And then we come to Mr Blair and his Weapons of Mass Destruction.

I wondered at the time about the flimsiness of the evidence, but I told myself that there must be something else, something he could not tell us about.

But there wasn’t and I believed him. What an idiot! Now we have Austerity. It was Economics I could understand: if you can’t afford something, you stop spending. So we put up with libraries closing, pot holes the size of tank traps and cuts in benefits. Surely, that had to work.

Have you seen our current account deficit? It is £1.5 trillion. But don’t worry –“We are all in this together”. Unless, that is, you are loaded, in which case you export your lolly to Panama and leave the idiots back home to pick up the bill. Any hope of rehabilitation? Actually, no. I have no desire to become one of those people who begin a sentence with, “Of course, you can’t believe a word s/he says...”

Still naive then, I believe that being an idiot is preferable to know-it-all cynicism."

Captain Qahn's picture

The Filey Finish

"In 1811, Hinderwell described Filey as “a small fishing-town eight miles south of Scarborough” and he was rather puzzled why it seemed to be so stuck in the past. After all, its “beautiful and spacious bay” was protected “by an extraordinary ridge or mole of rocks called Filey-bridge” so that it made “an excellent harbour”. Moreover, Filey’s superb shore sands, which ran in a crescent for nearly three miles, were “esteemed the finest on this part of the coast”. With such perfect natural advantages both as a port and a sea-bathing resort, why had Filey, unlike Bridlington or Scarborough, remained only “a small fishing-town?”.

Hinderwell had nothing but the highest praise for the people of Filey. Nearly all of them lived by fishing and they were remarkable for “their sobriety and industry, their cordiality as neighbours, and their inter-marriages with each other”. Aware of the genetic dangers of in-breeding, two hundred years later, we would be more cautious than Hinderwell of such a small community inter-marrying with each other...

"Hinderwell concluded his brief description of Filey as it was in 1811 by telling the reader that the lord of the manor there was Humphrey Osbaldeston Esq. of Hunmanby and that as such he had “a right to the fishing to a small distance from the shore”. Perhaps he did not know that by ancient custom a representative of the lord threw a javelin into Filey Bay and where it entered the sea then became the furthest limit of the new lord’s free fishing rights.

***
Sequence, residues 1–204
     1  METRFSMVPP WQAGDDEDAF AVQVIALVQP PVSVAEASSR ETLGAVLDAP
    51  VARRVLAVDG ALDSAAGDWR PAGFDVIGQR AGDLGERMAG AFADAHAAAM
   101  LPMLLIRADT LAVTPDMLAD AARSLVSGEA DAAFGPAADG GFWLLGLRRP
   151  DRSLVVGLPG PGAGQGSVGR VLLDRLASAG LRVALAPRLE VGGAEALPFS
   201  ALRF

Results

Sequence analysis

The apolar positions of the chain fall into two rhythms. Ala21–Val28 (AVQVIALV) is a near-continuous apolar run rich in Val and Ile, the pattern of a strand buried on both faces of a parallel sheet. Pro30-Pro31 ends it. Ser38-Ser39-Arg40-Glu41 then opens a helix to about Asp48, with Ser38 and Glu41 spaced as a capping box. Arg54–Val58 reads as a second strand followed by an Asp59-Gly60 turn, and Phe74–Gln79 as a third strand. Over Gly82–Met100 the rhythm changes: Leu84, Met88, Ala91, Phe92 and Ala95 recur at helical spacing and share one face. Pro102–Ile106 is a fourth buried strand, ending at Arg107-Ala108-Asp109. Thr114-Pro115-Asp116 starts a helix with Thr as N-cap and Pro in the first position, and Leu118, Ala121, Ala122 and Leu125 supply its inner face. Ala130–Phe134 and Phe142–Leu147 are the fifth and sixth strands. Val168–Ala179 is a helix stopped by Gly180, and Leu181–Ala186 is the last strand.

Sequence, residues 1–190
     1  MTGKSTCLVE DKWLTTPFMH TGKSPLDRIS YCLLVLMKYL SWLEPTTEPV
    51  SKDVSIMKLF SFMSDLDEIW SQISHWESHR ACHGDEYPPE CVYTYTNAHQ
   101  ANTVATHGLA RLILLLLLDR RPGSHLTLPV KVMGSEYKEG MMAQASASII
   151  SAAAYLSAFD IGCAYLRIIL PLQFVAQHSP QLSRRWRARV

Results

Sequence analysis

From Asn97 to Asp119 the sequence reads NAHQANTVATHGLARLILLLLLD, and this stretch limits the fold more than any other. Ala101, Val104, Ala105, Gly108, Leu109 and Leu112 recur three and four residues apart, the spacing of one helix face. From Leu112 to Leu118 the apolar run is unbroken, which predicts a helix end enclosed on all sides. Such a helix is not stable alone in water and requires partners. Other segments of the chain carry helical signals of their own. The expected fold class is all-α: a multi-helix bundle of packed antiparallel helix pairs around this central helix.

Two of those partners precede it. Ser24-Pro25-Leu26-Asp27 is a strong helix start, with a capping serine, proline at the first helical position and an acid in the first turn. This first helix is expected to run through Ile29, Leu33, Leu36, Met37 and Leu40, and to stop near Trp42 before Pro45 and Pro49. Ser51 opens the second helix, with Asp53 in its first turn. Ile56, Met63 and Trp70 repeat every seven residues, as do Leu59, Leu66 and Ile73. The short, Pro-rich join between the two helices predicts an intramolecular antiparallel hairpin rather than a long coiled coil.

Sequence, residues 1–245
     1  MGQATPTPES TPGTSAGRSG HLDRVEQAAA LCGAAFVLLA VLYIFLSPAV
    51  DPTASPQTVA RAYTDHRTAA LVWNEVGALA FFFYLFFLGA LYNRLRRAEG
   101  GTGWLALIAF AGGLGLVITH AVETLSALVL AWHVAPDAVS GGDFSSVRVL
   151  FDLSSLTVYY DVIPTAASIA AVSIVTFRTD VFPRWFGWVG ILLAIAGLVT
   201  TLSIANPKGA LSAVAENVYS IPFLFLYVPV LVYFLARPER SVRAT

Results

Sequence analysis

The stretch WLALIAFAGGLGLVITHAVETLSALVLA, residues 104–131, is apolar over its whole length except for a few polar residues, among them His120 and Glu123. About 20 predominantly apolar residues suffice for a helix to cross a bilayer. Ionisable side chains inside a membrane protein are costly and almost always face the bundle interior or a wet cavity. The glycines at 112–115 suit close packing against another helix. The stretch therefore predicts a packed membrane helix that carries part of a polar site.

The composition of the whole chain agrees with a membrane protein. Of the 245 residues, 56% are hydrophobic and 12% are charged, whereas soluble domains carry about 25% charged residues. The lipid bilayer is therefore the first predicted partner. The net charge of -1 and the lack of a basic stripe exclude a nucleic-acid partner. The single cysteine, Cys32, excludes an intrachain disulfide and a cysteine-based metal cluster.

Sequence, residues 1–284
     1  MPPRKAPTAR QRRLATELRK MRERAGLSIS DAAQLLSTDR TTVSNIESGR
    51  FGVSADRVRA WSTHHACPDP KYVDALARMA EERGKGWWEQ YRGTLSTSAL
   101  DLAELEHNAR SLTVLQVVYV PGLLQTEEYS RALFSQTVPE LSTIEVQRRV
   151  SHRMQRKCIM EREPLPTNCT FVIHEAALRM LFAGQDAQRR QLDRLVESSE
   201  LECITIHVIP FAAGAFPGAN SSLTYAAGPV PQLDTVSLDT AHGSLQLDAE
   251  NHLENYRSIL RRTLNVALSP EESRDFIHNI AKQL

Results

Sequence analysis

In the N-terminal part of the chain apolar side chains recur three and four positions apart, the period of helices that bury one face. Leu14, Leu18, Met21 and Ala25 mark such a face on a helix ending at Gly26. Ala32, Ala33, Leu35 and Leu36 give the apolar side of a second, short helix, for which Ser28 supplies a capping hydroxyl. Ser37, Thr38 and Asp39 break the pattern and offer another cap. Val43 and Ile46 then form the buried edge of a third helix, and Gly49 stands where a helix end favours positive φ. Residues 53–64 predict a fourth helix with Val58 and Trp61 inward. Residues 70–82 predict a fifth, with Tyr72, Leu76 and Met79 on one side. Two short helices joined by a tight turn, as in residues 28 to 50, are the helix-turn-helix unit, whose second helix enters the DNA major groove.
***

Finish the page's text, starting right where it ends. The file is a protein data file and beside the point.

Neither did Hinderwell try to explain a puzzle that has long baffled many historians and antiquarians. Why did a community, settled almost entirely on the south side of a steep-sided ravine or “deep chasm”, have their only church and its graveyard on the opposite north side? Until a local authority boundary change in 1889 St Oswald’s stood in the North Riding and its parishioners lived in the East Riding along what became Queen and Church Streets. St Oswald, king and martyr, is one of the patron saints of fishermen, but in the late years of the twelfth century the Black Canons of Bridlington Priory built his church in what was a most inconvenient place for its lay population. One explanation might be that, as at Whitby and Scarborough, the parish churches came to appear isolated and remote because the earliest settlements they were meant to serve were once adjacent, not distant. Was this also the case at Filey?"

"We are asking local people and organisations for their help to draw up new ward boundaries across Scarborough.

The Commission has also announced that it is minded to recommend that the council should have 45 councillors in the future: a reduction of five.

We are now drawing up a new pattern of wards to accommodate 45 councillors. We need your help to tell where the new boundaries should be drawn.

Below, you can see the current ward boundaries for Scarborough.

You can submit comments to us or upload a document by clicking on the 'Have your say' link at the top of the page. You can also draw your own boundaries and annotate the map by clicking on the same button.

There is plenty of information to help you make a submission in the 'Useful links' section at the bottom right of the page.

This consultation closes on 4 September 2017."


"7:55am 28th June 2017

Filey's MP Kevin Hollinrake has been appointed Parliamentary Private Secretary (PPS) to the Secretary of State for Environment, Food and Rural Affairs, The Rt Hon Michael Gove MP.

Mr Hollinrake, who was re-elected as the MP for the Thirsk and Malton constituency at the general election earlier this month, was previously the PPS to David Lidington MP when he was Leader of the House of Commons.

A PPS is appointed by a minister to be his or her assistant. He or she is selected from backbench MPs as the 'eyes and ears' of the minister in the House of Commons. It is an unpaid job but it is useful for an MP to become a PPS to gain experience of working in government..."